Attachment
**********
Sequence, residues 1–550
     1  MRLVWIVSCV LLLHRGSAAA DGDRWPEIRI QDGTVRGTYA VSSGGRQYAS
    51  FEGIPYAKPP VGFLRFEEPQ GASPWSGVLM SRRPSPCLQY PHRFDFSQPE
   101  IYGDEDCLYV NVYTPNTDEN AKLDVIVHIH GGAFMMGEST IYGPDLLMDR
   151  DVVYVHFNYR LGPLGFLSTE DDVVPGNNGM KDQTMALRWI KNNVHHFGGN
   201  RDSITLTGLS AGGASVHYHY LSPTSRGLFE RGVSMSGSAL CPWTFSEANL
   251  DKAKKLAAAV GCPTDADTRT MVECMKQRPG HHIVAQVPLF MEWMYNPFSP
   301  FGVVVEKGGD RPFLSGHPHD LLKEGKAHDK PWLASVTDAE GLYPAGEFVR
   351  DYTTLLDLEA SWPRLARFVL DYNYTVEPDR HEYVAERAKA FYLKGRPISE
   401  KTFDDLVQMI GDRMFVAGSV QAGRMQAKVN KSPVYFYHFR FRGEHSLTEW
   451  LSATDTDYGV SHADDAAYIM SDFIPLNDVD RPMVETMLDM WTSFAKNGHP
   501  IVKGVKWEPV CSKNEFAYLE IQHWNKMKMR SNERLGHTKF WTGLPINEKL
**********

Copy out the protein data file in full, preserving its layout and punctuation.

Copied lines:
Sequence, residues 1–550
     1  MRLVWIVSCV LLLHRGSAAA DGDRWPEIRI QDGTVRGTYA VSSGGRQYAS
    51  FEGIPYAKPP VGFLRFEEPQ GASPWSGVLM SRRPSPCLQY PHRFDFSQPE
   101  IYGDEDCLYV NVYTPNTDEN AKLDVIVHIH GGAFMMGEST IYGPDLLMDR
   151  DVVYVHFNYR LGPLGFLSTE DDVVPGNNGM KDQTMALRWI KNNVHHFGGN
   201  RDSITLTGLS AGGASVHYHY LSPTSRGLFE RGVSMSGSAL CPWTFSEANL
   251  DKAKKLAAAV GCPTDADTRT MVECMKQRPG HHIVAQVPLF MEWMYNPFSP
   301  FGVVVEKGGD RPFLSGHPHD LLKEGKAHDK PWLASVTDAE GLYPAGEFVR
   351  DYTTLLDLEA SWPRLARFVL DYNYTVEPDR HEYVAERAKA FYLKGRPISE
   401  KTFDDLVQMI GDRMFVAGSV QAGRMQAKVN KSPVYFYHFR FRGEHSLTEW
   451  LSATDTDYGV SHADDAAYIM SDFIPLNDVD RPMVETMLDM WTSFAKNGHP
   501  IVKGVKWEPV CSKNEFAYLE IQHWNKMKMR SNERLGHTKF WTGLPINEKL